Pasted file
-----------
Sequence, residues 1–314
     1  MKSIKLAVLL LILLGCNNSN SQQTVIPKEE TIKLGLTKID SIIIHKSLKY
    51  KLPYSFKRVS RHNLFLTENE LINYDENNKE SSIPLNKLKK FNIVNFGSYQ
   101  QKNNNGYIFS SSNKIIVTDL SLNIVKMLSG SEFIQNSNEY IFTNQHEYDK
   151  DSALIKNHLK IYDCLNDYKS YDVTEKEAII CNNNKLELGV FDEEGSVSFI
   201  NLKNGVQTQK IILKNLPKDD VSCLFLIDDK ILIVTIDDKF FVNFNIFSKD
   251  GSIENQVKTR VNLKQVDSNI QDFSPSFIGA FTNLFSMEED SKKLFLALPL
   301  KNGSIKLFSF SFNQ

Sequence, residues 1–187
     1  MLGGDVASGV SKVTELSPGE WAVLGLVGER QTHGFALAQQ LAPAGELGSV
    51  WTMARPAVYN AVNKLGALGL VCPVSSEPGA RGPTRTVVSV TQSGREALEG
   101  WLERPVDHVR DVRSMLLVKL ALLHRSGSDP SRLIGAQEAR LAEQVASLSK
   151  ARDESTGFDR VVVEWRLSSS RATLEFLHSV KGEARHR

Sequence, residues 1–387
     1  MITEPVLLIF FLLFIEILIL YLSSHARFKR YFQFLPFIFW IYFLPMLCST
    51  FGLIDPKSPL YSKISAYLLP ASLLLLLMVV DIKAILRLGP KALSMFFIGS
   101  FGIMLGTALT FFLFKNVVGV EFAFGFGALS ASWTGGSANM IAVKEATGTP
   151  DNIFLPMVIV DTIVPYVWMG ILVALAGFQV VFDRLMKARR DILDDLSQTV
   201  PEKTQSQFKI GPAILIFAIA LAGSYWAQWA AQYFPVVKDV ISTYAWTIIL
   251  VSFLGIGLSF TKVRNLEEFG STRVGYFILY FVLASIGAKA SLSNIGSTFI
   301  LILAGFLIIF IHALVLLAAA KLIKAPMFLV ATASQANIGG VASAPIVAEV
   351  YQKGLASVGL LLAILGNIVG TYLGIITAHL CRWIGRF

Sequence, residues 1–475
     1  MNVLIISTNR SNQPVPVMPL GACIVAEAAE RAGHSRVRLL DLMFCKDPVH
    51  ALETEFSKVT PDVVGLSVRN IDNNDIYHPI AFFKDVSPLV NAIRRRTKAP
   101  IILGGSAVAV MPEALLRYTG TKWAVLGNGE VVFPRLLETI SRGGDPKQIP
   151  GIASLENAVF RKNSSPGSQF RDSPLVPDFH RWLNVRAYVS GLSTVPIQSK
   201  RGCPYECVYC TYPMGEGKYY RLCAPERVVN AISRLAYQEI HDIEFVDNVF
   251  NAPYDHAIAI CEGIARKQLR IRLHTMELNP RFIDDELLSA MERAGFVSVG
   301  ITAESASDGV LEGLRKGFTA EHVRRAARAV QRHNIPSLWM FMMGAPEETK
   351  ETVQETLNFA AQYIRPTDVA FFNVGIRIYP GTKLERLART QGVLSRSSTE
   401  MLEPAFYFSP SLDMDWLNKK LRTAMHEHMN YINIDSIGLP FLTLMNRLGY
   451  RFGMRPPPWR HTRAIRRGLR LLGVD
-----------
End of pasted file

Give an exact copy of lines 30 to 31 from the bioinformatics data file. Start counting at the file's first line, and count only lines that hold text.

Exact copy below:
   301  ITAESASDGV LEGLRKGFTA EHVRRAARAV QRHNIPSLWM FMMGAPEETK
   351  ETVQETLNFA AQYIRPTDVA FFNVGIRIYP GTKLERLART QGVLSRSSTE